Publishing here this piece I wrote about my new understanding of grief from one year after my Mom’s passing. This was initially written and shared on February 7th, 2022.
My Mom passed away one year ago yesterday. I’ve learned a lot about grief in this last year. A year ago, I felt like I lost any innocence I had when we watched my Mum leave this realm. I felt like my protector and the person with the ultimate unconditional love for me was gone. I’ve not had even one single day that I’ve not thought about my Mom since. A piece of my heart, gone.
Before this year, I empathized with others going through grief, but to experience it at this level was a first for me.
I’ve learned that grief is not a phase. There’s no “grieving period”. There’s just this new lifelong companion called grief. You can tap into it at any given moment if you want to and sometimes it inserts itself at surprising and unwanted moments. At the same time, sometimes you want to hang out with each other for a moment because you’re reconnected to love. You and your companion learn to live in harmony and I suspect this will be a lifelong relationship.
The hole in your heart does not fill in again — it grows back different. It scabs and then scars over into something new and that ‘something new’ needs to learn to live whole again. It needs to retrain muscles and patterns you didn’t even know you had. During the first blizzard of this year, I looked out and thought to myself “Oh, I have to go visit Mum.” I have no idea why, but 11 months in, my brain truly forgot and then on cue, my new companion made an appearance again.
Happy moments are changed permanently as you work out this new muscle. With every happy moment that happens now, there is always one twinge of grief over her not being there to see it or experience the rewards of her work. It was kind of eerie that the very happy Toronto Life article I shared yesterday about mine and Hamza’s wedding was published on February 5th because exactly one year before on Feb 5th, 2021, I finally got to show my Mom my wedding dress, which she said was the only thing she wanted to see. 2 days later, she passed away. Happiness is paired with grief, but over time, they learn to work together making you appreciate the other.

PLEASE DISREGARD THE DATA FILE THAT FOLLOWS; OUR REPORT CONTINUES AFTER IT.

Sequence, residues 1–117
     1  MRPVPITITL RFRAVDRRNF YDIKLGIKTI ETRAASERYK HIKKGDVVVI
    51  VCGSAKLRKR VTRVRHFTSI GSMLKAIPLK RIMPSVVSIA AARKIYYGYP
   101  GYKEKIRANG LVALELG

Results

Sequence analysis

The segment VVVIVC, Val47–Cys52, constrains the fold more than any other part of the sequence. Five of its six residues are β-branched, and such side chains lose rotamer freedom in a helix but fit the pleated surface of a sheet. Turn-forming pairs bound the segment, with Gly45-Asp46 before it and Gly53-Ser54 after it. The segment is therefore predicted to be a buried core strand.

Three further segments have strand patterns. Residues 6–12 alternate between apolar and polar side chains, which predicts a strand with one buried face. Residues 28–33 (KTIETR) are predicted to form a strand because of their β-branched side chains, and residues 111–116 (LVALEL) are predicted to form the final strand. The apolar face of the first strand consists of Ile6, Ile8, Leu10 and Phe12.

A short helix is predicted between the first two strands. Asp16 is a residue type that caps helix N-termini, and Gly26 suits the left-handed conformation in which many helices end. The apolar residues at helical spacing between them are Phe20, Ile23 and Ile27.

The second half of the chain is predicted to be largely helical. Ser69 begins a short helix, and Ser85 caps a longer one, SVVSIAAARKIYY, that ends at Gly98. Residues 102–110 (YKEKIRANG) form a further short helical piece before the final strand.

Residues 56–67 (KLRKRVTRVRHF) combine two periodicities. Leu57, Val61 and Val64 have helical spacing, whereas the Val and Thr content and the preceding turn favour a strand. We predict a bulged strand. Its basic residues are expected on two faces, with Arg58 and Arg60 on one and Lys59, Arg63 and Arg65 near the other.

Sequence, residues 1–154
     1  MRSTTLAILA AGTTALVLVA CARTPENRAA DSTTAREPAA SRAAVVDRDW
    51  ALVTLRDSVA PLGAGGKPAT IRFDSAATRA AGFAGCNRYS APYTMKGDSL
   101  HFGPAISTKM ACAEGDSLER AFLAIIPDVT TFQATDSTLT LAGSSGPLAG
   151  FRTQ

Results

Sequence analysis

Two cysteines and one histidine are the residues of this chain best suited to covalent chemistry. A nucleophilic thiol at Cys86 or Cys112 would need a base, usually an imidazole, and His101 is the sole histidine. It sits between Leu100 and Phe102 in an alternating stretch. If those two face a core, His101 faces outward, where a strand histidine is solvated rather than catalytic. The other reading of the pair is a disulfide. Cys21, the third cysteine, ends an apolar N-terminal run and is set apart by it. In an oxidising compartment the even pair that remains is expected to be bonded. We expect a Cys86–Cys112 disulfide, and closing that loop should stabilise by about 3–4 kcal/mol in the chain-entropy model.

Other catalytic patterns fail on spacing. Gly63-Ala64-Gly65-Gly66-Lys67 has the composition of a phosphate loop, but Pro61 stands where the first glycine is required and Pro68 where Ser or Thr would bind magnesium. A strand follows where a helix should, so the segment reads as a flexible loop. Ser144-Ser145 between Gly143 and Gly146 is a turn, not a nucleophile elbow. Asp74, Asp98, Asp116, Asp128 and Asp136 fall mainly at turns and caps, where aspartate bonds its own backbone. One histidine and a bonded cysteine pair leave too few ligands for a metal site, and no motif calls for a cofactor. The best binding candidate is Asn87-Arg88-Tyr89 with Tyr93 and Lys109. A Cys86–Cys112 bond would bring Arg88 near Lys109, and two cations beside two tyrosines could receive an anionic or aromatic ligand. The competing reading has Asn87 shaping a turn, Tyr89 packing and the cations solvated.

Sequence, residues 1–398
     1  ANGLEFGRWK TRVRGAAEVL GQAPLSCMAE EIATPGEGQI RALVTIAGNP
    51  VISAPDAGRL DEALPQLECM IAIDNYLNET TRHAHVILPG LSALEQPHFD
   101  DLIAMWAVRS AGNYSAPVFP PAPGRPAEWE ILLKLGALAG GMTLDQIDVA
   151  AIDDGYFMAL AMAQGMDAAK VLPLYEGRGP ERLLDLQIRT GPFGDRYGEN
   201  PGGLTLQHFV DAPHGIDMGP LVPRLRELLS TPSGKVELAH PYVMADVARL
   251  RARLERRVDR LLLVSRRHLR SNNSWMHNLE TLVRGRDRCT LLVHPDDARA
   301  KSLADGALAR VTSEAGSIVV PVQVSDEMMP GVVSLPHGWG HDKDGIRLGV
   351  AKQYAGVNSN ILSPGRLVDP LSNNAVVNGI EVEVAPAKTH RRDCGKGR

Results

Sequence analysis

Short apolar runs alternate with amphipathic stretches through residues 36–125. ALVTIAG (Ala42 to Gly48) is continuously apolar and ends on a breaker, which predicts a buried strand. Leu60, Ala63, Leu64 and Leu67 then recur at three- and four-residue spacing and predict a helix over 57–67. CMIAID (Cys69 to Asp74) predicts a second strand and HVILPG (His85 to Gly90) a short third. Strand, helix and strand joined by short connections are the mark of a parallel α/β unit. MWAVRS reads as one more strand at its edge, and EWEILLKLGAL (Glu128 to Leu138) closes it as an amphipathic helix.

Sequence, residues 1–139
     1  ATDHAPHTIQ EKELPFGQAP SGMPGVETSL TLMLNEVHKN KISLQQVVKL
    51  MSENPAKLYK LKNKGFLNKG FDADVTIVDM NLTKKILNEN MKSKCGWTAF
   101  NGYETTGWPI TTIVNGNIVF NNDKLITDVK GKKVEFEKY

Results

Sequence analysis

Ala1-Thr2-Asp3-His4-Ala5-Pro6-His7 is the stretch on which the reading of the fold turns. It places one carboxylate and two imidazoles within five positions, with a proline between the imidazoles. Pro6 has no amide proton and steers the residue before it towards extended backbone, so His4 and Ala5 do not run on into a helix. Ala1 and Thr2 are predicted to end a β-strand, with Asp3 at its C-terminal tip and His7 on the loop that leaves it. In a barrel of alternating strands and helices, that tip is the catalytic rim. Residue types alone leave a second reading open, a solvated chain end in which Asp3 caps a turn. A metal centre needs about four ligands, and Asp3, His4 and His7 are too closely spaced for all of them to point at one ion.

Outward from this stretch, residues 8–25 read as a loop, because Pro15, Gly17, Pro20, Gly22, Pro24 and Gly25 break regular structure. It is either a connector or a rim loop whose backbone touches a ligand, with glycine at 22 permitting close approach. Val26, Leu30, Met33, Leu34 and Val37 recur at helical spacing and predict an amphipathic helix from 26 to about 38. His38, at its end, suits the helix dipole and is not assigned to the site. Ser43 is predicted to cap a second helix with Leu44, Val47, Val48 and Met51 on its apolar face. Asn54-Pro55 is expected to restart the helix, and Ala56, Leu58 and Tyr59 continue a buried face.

My companion and my family’s companions all look and act different, but they come together and we couldn’t do it without each other. I’m so grateful for them and the deep connection and love we have for each other.
But I believe grief is the price we pay for love. So to have grief at this level is directly proportional to the unconditional love, wisdom, and support I had from my Mom. How lucky am I to be able to even say that? This tax paid through grief is totally and completely worth the eminent love and gifts she gave me.
It’s absolutely awakening and absolutely devastating at the same time. But I suppose I’m not afraid to die at all anymore. I like to think that this is not ‘home’ but rather that I’m living “the incredible human experience” and I’ll be returned ‘home’ at some point to be reunited with the energies of those lost, including my Mum. I look forward to that in some strange way.
For now, the “year of firsts” has come to an end and we’re all ready to live this human experience to the fullest, leading with love along the way. I’ve made it through the worst now, so the rest of this is perfection.
Love you, Mom.